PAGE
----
Manulife US REIT

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Manulife US REIT joins FTSE EPRA Nareit Global Developed Index
* Index inclusion to take effect from 23 December 2019

Manulife US Real Estate Management Pte. Ltd. (the "Manager") of Manulife US REIT, the first pure-play U.S. office REIT listed in Asia, is pleased to announce that the REIT will be included in the FTSE EPRA Nareit Global Developed Index with effect from 23 December 2019. 

More details in
Specuvestor: Asset - Business - Structure.

It is highly leveraged at 42+%, but it has escalating rentals with rising net property income due to its US portfoilo. The REIT's yield is now at 14% based on one past year of declared dividends.

I wonder why the market is pricing it at 14% yield (likely due to its potential increasing interest rate payments with rate hikes and loss of some customers about 6% of office space)

Due to the change in fair value of properties, Manulife's leverage ratio has risen from 42% to 49%; just 1% shy of busting MAS's rgulatory limit.

In my view with the rising cap rate due to the Fed's potential 2-3 more cycles of interest rate hike and continuing vacancy in US office space, it is likely another write down in fair value will occur for Manulife assets in 2023. This will likely cement a need for equity raising to bring it back to within MAS's 50% regulatory limit for leverage
Manulife US Reit abandons H1 distribution; all loans reclassified as current liabilities
"SINGAPORE – Manulife US Real Estate Investment Trust (Reit) declared no distribution for the first half-year ended June 30, as the Reit has breached banks’ unencumbered gearing ratio, causing all its loans to be reclassified as current liabilities.


As at June 30, Manulife US Reit’s aggregate leverage ratio stood at 56.7 per cent.

Its manager said the high gearing ratio was the result of a decline in portfolio valuation, which is beyond its control...."
In just a year, Manulife has tumbled 90% to 7 cents.

What investors are worried is that the REIT will force itself to do a massive dilution in order to repay debts to meet convenants
I wonder will this serve as a lesson to REIT managers not to overleverage. Manulife leverage started off at 40%, a few acquistions was made due to its revaluation gains pushing it to 41.9%.

Then declining occupancy and higher risk free rates pushed it to 49% and then eventually 59%.

This is afflicting both PRIME and Keppel Pacific Oak REIT as well where their declining occupancy has pushed down their valuation and increased their leverage ratio (such as PRIME which has gone from 37% to 43%)

Pherhaps future REIT managers will have to learn to maintain their leverage ratio at low 30% and not keep buying portfoilo to expand AUM without heed
Personally I think REIT managers will learn the wrong lesson - that they can take big risks and investors will be stuck with the losses e.g. this year, a Brookfield fund has defaulted on over US$1bn in debt on properties in Downtown Los Angeles, and is at risk of default on another US$763m coming due in October, while Pimco's Columbia Property Trust has defaulted on US$1.7bn in debt. Meanwhile a Blackstone fund has defaulted on EUR 531m of debt tied to offices in Finland.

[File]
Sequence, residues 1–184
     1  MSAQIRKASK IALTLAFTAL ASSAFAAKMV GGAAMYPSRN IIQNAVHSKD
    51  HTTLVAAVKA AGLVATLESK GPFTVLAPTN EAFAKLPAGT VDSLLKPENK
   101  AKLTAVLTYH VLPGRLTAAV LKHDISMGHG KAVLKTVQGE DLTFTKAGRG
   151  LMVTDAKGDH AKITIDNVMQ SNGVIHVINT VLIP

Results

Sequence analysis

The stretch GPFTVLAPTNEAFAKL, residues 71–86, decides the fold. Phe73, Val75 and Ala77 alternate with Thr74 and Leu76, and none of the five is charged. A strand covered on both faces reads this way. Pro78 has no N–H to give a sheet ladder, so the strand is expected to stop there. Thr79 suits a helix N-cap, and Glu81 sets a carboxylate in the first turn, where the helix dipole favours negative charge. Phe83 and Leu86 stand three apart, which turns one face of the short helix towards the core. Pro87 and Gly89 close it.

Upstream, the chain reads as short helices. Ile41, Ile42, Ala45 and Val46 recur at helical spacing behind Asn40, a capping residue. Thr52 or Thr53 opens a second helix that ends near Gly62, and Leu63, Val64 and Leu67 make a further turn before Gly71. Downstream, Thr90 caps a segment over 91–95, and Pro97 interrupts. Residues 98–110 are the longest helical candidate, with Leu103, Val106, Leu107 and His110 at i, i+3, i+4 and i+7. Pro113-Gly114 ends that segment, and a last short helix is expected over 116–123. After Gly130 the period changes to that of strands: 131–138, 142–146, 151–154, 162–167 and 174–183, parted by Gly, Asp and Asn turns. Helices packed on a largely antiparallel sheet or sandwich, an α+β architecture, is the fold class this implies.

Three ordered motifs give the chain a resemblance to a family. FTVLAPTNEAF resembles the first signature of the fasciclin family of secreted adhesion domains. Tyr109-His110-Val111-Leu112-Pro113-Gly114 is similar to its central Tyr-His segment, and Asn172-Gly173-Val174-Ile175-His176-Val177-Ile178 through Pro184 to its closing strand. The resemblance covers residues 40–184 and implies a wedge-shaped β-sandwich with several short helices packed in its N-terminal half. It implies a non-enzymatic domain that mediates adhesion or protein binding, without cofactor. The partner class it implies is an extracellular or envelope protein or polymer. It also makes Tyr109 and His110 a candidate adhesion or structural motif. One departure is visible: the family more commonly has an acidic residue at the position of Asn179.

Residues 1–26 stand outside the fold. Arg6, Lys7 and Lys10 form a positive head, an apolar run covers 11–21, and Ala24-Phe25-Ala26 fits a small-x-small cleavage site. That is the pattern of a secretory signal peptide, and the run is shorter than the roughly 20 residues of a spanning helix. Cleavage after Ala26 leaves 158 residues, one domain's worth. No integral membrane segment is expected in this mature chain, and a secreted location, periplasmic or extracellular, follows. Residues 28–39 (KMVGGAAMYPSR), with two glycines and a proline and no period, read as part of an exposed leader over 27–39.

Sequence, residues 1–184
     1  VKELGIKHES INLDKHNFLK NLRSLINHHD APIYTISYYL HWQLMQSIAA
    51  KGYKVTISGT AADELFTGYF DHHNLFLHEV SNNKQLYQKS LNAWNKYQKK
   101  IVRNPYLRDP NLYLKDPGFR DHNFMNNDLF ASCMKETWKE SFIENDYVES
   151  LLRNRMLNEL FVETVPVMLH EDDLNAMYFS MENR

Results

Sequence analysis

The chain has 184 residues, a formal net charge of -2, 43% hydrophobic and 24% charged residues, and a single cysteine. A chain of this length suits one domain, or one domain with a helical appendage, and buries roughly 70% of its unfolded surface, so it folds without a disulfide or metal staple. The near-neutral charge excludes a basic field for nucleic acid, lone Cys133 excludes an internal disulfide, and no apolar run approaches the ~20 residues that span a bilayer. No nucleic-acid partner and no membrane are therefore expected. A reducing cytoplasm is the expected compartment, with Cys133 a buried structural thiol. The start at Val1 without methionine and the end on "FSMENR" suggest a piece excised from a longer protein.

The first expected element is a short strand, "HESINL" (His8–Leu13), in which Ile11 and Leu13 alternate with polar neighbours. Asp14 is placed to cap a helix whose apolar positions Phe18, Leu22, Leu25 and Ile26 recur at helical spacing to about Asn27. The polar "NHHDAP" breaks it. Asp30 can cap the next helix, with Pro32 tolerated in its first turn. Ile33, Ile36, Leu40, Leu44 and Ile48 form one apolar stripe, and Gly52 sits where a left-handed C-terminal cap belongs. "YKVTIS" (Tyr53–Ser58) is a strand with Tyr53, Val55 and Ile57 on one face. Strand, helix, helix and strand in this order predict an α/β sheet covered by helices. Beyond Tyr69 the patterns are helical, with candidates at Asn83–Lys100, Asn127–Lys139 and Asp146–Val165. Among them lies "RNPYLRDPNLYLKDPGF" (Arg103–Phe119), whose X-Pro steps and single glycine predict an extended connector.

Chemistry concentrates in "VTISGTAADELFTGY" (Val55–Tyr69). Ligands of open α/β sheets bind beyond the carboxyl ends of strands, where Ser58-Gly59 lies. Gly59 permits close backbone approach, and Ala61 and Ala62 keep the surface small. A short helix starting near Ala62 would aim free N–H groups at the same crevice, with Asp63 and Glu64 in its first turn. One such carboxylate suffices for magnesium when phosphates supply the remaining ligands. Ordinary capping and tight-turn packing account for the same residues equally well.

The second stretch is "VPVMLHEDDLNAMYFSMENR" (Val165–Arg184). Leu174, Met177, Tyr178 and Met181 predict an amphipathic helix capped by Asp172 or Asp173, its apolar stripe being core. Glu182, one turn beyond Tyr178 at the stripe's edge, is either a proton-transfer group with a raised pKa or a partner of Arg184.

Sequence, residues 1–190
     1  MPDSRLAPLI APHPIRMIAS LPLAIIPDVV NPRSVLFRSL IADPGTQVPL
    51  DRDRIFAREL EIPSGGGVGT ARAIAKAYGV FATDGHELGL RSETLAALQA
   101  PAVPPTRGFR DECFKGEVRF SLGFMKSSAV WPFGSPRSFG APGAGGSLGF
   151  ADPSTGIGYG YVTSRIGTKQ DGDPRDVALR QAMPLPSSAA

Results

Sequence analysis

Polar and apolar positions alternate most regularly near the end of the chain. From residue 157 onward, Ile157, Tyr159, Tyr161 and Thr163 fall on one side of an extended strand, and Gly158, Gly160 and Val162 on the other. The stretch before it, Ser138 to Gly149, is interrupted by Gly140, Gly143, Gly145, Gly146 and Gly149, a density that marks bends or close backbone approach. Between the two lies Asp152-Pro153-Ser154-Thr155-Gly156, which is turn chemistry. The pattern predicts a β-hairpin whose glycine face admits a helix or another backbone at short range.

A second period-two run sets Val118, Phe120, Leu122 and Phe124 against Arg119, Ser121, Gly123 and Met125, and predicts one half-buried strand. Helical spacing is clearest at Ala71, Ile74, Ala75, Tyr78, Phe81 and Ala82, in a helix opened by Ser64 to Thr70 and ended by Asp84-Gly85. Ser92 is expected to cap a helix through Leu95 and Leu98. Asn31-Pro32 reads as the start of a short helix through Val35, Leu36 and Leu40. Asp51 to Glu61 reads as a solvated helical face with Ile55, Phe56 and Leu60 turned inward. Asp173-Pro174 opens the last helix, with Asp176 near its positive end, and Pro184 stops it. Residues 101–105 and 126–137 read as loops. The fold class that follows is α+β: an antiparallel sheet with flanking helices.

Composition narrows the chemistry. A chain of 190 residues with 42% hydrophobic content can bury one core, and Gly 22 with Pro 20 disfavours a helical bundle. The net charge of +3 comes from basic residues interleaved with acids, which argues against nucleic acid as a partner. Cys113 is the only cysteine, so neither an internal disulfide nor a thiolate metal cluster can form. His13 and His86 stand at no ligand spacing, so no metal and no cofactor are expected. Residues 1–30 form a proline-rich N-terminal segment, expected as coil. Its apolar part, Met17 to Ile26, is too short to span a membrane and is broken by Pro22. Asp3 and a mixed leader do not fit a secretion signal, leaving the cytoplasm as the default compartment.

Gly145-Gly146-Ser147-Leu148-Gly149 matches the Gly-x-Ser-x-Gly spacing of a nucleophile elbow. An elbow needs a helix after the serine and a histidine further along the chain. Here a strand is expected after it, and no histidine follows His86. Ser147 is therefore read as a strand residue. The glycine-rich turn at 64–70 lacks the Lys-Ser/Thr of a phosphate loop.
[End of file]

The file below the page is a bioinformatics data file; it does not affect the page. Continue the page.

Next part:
Manulife used to own all the assets in MUST. It sold down to under 10% for the IPO as part of regulations. So it only had less than 10% of its original capital at risk. In the meantime it collected management fees, the leverage on other people's money was 10:1.

Rights Issue
In theory, MUST can just do a rights issue. The problem is that for the REIT distributions to remain tax-free, the sponsor (Manulife) cannot own more than 10%. But any undersubscription would cause participating unitholders to increase their stake.

If Manulife ends up with over 10% (very easy as it is already at 9.1%) they would need to sell off their units, probably at a discount. They would lose money trying to save MUST, throwing good money after bad. But if Manulife doesn't participate in the rights issue (to avoid going over 10%), it is unlikely anyone else will. Damned if they do, and damned if they don't.

Alternatively, Manulife can privatize MUST. The problem is the price. MUST unitholders might think that book value is a fair price, but remember that Manulife itself is listed and its own shareholders would rather get a bargain.

If Manulife offers book value, the MUST unitholders will surely accept. But then Manulife's own shareholders might sue the directors for doing a bad deal, because if it looks elsewhere it can almost certainly make a similar investment for 0.5x (or even 0.3x) book value.

Manulife cannot merely increase its stake while keeping MUST listed, it would bust the 10% limit, so the offer has to be all-or-nothing, basically a scheme of arrangement needing 75% to agree. The big investors will be the swing votes, and if MUST cannot get enough of them to agree, it will be left to the minority investors at the EGM, a recipe for failure.

But which institutional investor is going to agree to take a huge loss? All of them are presumably pressuring Manulife to offer something close to book value. And Manulife's directors are probably looking carefully at their share register, in case an activist investor shows up ready to sue. Manulife is walking a valuation tightrope - too low and the deal fails, too high and they get sued for negligence. Perhaps they will conclude that the best thing to do is nothing at all.

So right now we have a very bad situation. Hopefully, nobody here has much capital stuck in MUST.
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